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Siemens’s Kaeser Says Osram IPO Windfall May Go to Shareholders

Siemens AG, which is planning an initial public offering of lighting unit Osram, will consider distributing proceeds from the share sale to investors as it shies away from pricey acquisitions, Chief Financial Officer Joe Kaeser said in an interview.

No final decision has been made on how to use the Osram proceeds, though shareholders are the “natural owners” of the cash, Kaeser said yesterday, when asked about a special payout. Siemens may raise 3 billion euros ($4.2 billion) in the sale, a person familiar with the plan said May 25.

The company is loath to become swept along in a surge of mergers and acquisitions among industrial manufacturers. ABB Ltd. and Schneider Electric SA have announced a combined $10 billion in industrial and technology deals since the start of 2010. General Electric Co. has announced 21 such deals for a total $7.3 billion, Bloomberg data shows.

“We believe there’s a smarter way to go about acquisitions,” Kaeser said in the interview in Washington, D.C. “That is why we believe in keeping the money” to “strike” at the right time, he said.

Siemens, based in Munich, has a policy to return money to shareholders if debt “consistently” stays below a target ratio of 0.5 to 1.0 times earnings before interest, taxes, depreciation and amortization. In the first six months of the current fiscal year, that measure stood at a minus 0.1 in the absence of debt-financed acquisitions.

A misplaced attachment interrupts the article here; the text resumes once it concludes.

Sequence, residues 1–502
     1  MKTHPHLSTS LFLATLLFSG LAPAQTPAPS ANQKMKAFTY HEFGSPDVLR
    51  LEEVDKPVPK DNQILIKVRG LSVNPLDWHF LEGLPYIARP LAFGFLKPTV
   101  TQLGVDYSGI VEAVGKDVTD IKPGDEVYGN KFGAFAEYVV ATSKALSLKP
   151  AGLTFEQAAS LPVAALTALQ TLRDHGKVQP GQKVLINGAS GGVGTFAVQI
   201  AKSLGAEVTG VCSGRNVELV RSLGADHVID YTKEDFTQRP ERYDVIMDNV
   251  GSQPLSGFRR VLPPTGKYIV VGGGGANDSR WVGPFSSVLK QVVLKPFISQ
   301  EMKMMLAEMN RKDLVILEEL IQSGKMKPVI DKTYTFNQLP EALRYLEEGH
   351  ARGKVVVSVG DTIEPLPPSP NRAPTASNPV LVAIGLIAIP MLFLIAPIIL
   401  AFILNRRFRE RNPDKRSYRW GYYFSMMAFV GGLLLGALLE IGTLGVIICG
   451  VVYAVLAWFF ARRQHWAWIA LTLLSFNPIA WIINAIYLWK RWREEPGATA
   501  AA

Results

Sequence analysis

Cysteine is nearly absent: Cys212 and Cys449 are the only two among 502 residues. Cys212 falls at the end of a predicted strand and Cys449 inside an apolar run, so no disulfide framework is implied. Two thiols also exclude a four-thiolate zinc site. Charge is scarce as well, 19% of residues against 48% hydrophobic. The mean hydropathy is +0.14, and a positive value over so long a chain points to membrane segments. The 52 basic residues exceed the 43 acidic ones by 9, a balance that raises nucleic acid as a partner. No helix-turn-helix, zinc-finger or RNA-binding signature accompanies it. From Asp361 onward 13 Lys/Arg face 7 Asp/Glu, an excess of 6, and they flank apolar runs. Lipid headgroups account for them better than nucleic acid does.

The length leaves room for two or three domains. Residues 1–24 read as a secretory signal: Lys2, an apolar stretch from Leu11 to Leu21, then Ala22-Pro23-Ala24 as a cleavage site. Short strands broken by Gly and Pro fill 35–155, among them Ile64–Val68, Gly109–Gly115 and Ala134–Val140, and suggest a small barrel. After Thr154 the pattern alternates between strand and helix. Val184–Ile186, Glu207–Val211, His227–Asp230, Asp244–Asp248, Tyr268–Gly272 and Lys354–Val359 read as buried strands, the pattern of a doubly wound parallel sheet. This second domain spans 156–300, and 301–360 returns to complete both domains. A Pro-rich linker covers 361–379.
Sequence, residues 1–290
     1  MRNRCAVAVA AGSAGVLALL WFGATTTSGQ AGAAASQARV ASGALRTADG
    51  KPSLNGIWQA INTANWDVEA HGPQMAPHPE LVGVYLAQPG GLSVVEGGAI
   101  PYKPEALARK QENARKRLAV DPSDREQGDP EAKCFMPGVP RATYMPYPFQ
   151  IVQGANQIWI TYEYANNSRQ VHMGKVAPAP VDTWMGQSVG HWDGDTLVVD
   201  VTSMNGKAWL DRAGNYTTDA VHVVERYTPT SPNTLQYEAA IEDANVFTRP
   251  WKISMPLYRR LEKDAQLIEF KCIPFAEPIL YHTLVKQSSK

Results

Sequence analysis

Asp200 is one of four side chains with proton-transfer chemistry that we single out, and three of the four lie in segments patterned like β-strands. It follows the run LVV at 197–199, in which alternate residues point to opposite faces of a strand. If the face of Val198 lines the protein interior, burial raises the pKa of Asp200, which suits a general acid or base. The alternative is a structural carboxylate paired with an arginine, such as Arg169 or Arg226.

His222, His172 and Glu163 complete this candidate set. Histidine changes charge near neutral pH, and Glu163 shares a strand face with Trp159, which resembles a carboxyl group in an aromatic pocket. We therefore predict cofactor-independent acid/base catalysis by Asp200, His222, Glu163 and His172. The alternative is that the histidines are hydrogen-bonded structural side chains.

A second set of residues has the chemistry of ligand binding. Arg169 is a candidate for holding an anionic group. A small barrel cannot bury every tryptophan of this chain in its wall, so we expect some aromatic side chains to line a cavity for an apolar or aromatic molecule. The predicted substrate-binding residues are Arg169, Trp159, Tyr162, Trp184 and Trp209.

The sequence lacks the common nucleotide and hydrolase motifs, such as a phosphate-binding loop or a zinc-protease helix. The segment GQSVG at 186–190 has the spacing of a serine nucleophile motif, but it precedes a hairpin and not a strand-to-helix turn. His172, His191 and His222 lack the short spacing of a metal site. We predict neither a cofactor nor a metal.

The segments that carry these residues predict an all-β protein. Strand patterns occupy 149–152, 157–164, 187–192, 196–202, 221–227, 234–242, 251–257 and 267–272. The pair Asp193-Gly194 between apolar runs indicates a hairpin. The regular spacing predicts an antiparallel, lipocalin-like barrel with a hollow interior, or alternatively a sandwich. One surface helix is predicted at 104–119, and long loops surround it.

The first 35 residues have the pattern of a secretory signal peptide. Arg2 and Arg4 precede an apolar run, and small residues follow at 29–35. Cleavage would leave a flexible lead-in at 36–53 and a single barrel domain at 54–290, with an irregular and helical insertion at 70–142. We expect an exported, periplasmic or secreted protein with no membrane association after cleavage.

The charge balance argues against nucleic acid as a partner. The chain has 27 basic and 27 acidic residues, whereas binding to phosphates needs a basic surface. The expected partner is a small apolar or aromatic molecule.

The company paid a record dividend of 2.70 euros a share last year. That payout is set to rise to 3.18 euros for this year, according to the average estimate of 27 analysts in a Bloomberg survey.

Europe’s largest engineer has doubled its cash holdings in three years to 18.5 billion euros, the second-biggest war chest among peers, according to Bloomberg data. So far, it’s been a largely untapped resource.

Siemens has used just 1.5 billion euros for takeovers since Chief Executive Officer Peter Loescher’s first deal, the $7 billion purchase of Dade Behring in 2007, was criticized as too costly by investors. Kaeser on April 5 said recent acquisitions in the industry had been “richly priced.”

“Siemens’ competitors have been very active,” said Theo Kitz, an analyst at Merck Finck & Co. in Munich. “Schneider is buying lots of companies active in energy efficiency. It’s not like they’ve emptied the shop, but the trend is towards that. That’s a danger for those who remain inactive.”

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